Subsequently we decided to test whether the orexin pathway w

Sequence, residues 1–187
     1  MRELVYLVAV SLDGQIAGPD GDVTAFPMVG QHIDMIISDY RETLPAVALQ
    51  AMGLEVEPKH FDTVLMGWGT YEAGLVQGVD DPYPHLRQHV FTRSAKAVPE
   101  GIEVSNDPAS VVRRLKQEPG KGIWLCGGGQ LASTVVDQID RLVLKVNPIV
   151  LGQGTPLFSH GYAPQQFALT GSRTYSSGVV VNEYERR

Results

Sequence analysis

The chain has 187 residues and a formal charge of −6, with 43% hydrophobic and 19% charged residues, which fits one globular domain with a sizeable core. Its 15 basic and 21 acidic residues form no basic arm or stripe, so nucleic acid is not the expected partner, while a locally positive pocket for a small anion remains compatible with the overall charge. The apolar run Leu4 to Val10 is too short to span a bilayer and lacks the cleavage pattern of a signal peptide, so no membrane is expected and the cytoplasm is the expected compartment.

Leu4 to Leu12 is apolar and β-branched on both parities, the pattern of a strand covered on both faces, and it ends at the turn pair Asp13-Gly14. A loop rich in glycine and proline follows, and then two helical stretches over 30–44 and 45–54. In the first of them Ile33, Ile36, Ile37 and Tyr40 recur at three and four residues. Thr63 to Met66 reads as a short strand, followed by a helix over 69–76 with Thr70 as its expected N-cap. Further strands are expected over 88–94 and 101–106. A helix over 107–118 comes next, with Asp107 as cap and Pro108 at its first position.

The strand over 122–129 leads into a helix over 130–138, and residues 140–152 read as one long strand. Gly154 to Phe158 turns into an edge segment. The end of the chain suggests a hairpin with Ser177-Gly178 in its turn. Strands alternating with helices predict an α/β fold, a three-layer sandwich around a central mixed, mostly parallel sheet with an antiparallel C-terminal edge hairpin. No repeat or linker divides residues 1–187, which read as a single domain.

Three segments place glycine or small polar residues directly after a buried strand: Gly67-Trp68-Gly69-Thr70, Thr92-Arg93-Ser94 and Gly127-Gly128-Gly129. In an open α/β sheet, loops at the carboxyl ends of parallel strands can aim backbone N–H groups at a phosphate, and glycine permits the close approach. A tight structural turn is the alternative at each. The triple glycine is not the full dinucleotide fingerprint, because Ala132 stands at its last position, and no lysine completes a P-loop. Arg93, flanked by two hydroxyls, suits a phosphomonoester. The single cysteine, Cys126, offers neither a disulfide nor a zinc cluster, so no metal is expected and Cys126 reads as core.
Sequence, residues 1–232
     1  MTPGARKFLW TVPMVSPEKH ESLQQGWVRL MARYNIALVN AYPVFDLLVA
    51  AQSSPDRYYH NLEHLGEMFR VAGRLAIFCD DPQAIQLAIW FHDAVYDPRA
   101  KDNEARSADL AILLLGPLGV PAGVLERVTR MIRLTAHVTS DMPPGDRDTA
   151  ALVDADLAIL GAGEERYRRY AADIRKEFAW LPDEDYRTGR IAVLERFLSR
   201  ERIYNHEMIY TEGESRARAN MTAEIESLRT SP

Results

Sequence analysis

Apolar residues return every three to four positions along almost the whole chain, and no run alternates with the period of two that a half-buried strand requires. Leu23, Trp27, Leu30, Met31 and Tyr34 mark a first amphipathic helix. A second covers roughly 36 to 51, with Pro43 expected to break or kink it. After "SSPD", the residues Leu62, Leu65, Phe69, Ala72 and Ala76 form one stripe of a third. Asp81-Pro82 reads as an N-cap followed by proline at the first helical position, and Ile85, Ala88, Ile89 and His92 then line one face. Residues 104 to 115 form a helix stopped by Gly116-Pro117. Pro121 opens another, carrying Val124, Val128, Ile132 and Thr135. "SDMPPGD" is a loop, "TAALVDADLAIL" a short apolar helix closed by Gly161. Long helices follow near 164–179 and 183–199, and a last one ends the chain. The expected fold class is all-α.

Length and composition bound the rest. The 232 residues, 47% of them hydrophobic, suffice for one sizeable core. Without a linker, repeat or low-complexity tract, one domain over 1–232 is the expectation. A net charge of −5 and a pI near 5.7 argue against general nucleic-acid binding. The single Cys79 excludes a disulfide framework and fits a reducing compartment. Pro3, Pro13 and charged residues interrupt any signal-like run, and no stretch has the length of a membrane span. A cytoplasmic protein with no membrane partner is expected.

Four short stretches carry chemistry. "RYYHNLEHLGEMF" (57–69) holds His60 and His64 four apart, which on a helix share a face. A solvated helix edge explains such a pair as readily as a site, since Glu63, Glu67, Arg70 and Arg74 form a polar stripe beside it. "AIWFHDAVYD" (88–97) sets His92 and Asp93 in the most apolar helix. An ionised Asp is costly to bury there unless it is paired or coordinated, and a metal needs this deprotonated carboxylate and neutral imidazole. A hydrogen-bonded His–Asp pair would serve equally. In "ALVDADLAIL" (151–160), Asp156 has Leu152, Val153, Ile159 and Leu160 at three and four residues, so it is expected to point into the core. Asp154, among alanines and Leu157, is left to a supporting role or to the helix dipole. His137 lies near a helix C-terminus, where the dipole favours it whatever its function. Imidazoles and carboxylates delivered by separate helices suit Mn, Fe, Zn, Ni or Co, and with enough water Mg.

Subsequently, we decided to test whether the orexin pathway was involved (Delhanty et al, 2012, Delhanty et al, 2013, Pei et al, 2014). Orexin neuronal systems are known to control limbic and neocortical structures (Bonnavion, de Lecea, 2010, Sakurai, 2007). Orexin receptors and possibly orexin synthesis are present in the hippocampus, a region of great importance for temporal lobe epilepsy (Marcus et al, 2001, Morales et al, 2006). Previously, a link between DAG and the orexin pathway was shown in relation to feeding (Toshinai et al., 2006) and the orexin family seems to be involved in epileptic mechanisms (Akbari et al, 2014, Akdogan et al, 2008, Doreulee et al, 2010, Erken et al, 2012, Kortunay et al, 2012, Rejdak et al, 2009). It is thought that orexin release in the hippocampus may be excitatory (Akbari et al, 2011, Ida et al, 1999, Selbach et al, 2004, Wayner et al, 2004). The effect of simultaneous orexin receptor antagonism in epileptic seizure models was never investigated, thus we first determined whether blocking the effect of orexins via the dual orexin receptor antagonist almorexant affected pilocarpine-induced limbic seizures. We found that dual orexin receptor blockade in the hippocampus did not significantly affect seizure activity when compared to the control group. This may imply that the excitatory nature of the orexins does not necessarily result in the promotion of epileptic seizures. For instance, the neuropeptide ghrelin has been documented to be excitatory in the hippocampus yet it has repeatedly been shown that it possesses anticonvulsant properties when tested in different seizure models (Portelli et al., 2012a). Another Protease Inhibitor Cocktail (100X in DMSO, EDTA plus) could be that orexin-A and orexin-B seem to have opposing actions in epilepsy (Akbari et al, 2011, Doreulee et al, 2010, Ida et al, 1999, Selbach et al, 2004, Wayner et al, 2004), and by blocking both receptors simultaneously the excitatory effect of one ligand is being hindered by the inhibitory effect of the other. The concentration of almorexant that was chosen to sufficiently block the hippocampal orexin receptors failed to prevent DAG from being significantly anticonvulsant when compared to the control group. Seeing that the orexin pathway is unlikely to be involved in DAG's anticonvulsant effects, we decided to perform additional experiments with ghrelin receptor deficient mice in order to investigate the possible involvement of the ghrelin receptor in DAG's anticonvulsant effects. As expected, both the C57Bl/6 mice and the ghrelin receptor wild type mice groups showed a significantly decreased vulnerability to pilocarpine-induced seizures when administered with DAG. Unexpectedly however we noted that DAG's beneficial effect on seizure thresholds in these mice was absent in the ghrelin receptor deficient mice. These results point to the notion that, at least in pilocarpine-induced seizures, the ghrelin receptor seems to be involved in DAG's mechanism of action. Thus, it appears that DAG is a functional endogenous agonist of the central ghrelin receptor with known physiological effects in the fields of diabetes as well as in epileptic seizures. Further investigations should be performed to investigate how DAG affects the ghrelin receptor to attenuate pilocarpine-induced acute seizures. We have previously shown that ghrelin attenuates seizures by desensitizing (and internalizing) the ghrelin receptor (Portelli et al., 2012b). Here ghrelin was administered locally in the hippocampus in rats and systemically in mice. In the hippocampus, ghrelin was continuously administered for 2 hr prior to pilocarpine initiation, whereas in mice ghrelin was systemically administered 30 min before pilocarpine intravenous infusion. Despite a number of studies that have also described anticonvulsant effects following ghrelin administration (Portelli et al., 2012a), there is still debate on whether ghrelin has an important role in epileptic mechanisms (Biagini et al, 2011, Biagini et al, 2011, Lucchi et al, 2013). The only plausible reason for the differences in our results and that of the group of Biagini is perhaps the timing of the ghrelin injection. It could be that administration of ghrelin 30 min prior to pilocarpine administration, as opposed to 10 min as described by Biagini et al. (2011) and Lucchi et al. (2013), allowed ghrelin more time to reach the central ghrelin receptors to desensitize/internalize the receptors, resulting in an anticonvulsant effect in our case. Although it is known that acylated peptides cross the blood–brain barrier more quickly than their unacylated counterparts (Pardridge, 2012), it still remains a matter of debate whether the anticonvulsant effect following systemic ghrelin administration is in fact due to ghrelin acting on the central ghrelin receptors or due to the fact that ghrelin can be quickly converted to DAG (Delhanty et al, 2015, Satou et al, 2011). Whether DAG acts similarly to ghrelin or else activates different pathways when bound to the ghrelin receptor remains to be scrutinized. Apart from that, DAG should be tested in other models of epileptic seizures to determine whether it is a significant anticonvulsant peptide.